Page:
“Is there a special place in hell for people who appropriate their own culture?” So asks Raj in Dipika Guha’s The Yoga Play, which recently opened at San Francisco Playhouse. The line gets a laugh, as did many lines in this hilarious look at how and why Americans misappropriate other cultures in our voracious curiosity to inhabit the world in all its wild and beautiful diversity.
The play opens with Joan (Susi Damilano) talking out at the audience while behind her is the enormous projected face of John Dale. The bearded Dale (Craig Marker) is a spaced-out enthusiast and corporate maven who has made a fortune in the world of yoga apparel. His label Jojomon has taken a few hits recently, and Joan is out to resuscitate the brand. As she reels out heaps of stats and stock market figures, Dale, sitting on an unspecified porch in some unidentified sub-tropical paradise, is distracted by his dog: “No! Down! Who’s a good girl?” We’re not quite sure who he’s talking to – the dog or his staff.
Raj (Bobak Cyrus Bakhtiari) and Fred (Ryan Morales) sit at a table behind Joan like two pillars of corporate non-entity, waiting to spring up at any indication of interest to reveal the newest Jojomon product: Slow-Release Lavender-Infused Yoga Pants. Joan also wants to convince Daly to include women’s size 12 in their inventory. Daly is baffled. “Will one of you tell him size 12 is not a plus size?” Joan asks her colleagues. Nope. The boys don’t contradict the Boss. But then she gives Dale the most convincing argument, and it’s in the form of millions of dollars of profit, or was it billions? He is persuaded. And off to play with his dog.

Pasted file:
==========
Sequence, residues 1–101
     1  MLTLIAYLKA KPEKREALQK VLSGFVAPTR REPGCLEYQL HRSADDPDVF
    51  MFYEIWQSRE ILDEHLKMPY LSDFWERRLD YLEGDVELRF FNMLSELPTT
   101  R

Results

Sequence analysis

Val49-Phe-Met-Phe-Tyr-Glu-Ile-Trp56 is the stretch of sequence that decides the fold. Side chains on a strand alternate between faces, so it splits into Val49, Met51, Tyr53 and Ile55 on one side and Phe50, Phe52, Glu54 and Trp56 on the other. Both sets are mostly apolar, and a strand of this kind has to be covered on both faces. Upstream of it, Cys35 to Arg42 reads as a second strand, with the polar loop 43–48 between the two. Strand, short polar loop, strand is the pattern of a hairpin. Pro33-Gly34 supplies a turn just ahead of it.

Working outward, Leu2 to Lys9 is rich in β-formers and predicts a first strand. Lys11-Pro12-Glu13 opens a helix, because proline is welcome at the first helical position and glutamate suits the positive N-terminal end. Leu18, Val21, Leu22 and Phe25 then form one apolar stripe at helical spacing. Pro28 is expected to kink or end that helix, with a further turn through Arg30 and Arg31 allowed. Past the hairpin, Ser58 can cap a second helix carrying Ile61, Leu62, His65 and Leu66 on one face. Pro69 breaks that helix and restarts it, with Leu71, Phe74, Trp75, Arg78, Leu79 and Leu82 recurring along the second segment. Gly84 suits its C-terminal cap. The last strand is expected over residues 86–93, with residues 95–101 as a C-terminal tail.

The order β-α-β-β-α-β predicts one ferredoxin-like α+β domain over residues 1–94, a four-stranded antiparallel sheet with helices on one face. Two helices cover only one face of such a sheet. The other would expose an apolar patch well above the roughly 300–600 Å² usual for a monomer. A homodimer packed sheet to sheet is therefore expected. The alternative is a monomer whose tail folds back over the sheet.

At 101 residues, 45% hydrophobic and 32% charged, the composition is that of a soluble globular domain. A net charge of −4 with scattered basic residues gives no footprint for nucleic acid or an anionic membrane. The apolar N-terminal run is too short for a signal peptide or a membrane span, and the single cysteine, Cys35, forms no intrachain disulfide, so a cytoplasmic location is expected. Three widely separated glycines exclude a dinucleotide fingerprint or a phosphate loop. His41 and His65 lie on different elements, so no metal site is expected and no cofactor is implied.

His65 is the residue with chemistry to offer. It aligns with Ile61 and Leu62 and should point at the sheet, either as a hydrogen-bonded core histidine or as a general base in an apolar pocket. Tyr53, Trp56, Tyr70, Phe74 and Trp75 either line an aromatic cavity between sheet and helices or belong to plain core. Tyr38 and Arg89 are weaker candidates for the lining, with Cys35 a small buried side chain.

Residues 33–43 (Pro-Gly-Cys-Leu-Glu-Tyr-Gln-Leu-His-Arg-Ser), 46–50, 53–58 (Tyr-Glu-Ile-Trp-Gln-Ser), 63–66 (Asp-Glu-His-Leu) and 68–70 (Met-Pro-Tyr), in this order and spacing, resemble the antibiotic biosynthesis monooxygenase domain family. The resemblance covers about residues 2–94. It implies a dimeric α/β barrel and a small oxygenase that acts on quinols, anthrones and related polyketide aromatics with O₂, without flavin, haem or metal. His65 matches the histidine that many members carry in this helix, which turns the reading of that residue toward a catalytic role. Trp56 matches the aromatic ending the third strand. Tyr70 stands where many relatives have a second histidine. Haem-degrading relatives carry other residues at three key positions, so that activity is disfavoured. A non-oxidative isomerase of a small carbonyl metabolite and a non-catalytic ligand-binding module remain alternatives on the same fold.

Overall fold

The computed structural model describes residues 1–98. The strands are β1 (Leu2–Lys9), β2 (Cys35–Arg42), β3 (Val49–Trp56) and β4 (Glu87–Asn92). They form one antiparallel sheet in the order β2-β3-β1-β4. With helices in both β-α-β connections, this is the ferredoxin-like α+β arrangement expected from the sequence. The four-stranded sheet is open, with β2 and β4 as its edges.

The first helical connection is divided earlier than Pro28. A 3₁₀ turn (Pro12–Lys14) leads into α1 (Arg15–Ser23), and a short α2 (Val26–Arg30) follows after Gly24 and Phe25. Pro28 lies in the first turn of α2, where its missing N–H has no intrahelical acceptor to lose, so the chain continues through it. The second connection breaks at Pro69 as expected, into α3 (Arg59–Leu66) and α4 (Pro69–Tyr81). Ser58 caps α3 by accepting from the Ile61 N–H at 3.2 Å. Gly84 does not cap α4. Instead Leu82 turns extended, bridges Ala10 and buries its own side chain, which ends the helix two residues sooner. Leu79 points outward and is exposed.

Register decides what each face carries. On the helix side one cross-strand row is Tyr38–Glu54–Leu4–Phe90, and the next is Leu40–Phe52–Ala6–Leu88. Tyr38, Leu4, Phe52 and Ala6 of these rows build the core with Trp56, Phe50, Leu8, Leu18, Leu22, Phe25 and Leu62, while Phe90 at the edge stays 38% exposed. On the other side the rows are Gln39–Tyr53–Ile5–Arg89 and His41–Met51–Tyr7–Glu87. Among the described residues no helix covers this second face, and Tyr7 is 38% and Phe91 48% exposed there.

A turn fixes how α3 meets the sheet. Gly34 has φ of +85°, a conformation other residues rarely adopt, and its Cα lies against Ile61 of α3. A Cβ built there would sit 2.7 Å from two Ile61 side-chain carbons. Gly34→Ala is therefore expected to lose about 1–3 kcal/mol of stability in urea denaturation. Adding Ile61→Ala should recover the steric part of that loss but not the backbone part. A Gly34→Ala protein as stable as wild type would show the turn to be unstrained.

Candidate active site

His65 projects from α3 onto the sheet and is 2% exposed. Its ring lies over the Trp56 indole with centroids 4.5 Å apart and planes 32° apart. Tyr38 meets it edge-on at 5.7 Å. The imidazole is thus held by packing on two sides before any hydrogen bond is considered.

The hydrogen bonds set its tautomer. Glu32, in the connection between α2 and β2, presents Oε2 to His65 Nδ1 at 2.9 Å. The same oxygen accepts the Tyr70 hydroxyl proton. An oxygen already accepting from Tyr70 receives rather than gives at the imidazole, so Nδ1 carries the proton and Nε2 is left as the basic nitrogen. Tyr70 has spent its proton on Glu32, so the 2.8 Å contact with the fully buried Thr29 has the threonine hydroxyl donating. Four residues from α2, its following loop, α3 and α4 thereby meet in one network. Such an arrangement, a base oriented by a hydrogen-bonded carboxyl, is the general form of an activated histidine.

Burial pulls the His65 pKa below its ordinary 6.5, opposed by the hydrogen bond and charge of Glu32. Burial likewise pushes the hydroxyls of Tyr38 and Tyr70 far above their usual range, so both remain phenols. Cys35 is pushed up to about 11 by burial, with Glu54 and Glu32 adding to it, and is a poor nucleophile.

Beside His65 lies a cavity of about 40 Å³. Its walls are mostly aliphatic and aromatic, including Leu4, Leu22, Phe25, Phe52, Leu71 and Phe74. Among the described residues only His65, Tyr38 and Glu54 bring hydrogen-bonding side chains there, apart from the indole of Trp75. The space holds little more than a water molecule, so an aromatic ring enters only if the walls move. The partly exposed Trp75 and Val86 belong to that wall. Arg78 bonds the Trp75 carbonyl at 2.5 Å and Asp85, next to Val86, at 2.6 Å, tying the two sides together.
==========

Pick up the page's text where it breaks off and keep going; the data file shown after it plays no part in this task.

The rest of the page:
Things are going swimmingly until the BBC Investigative Reporting team releases their research into Lotus Ltd, the Bangladesh company that actually makes the clothes for Jojomon. Joan and her team haven’t done their research quite well enough, it appears, and the scandal that Lotus Ltd jobs out their manufacturing to sweatshops that employ 11-year-old girls looks likely to bring the company down.
Sharing their dreams and holding hands while breathing don’t seem to be effective in diminishing the burden now descended on Joan, Raj and Fred. What to do? What to do?
Joan needs this success. She has struggled – and failed – as a woman in corporate business. It’s a battle to the death for her self-esteem. Fred needs this success because he needs the job for a green card. As he explains, you don’t know what it’s like to be gay and live in Singapore. Raj too struggles to find his identity as a South Asian raised in the US.
It’s Joan who comes up with an idea that, if it works, will be a solution for them all. What the company’s clientele (and clientele are always referred to as “family”) is feeling is not anger about the exploitation of children, but guilt. It’s a crisis of authenticity, not ethics. And what’s needed is to take the company back to its roots, to find the mystical authenticity that was the source of the company’s initial success.
Fortunately, John Dale is incommunicado for two weeks while his online service is being revived. And that gives Joan, Raj and Fred just enough time.
“Find me a guru!” says Joan. “Where?” asks Fred. “LA,” answers Joan.
And so they set off to find a Real Guru, which leads them from LA to Haidaram, India, and to surprising and riotously funny results. No spoilers here. Best to take a night off to enjoy this wonderfully savvy play, under the nimble direction of Bill English, in one of San Francisco’s most charming venues.
– Jaime Robles
Dipika Guha’s The Yoga Play continues through April 20. For information and tickets, visit sfplayhouse.org.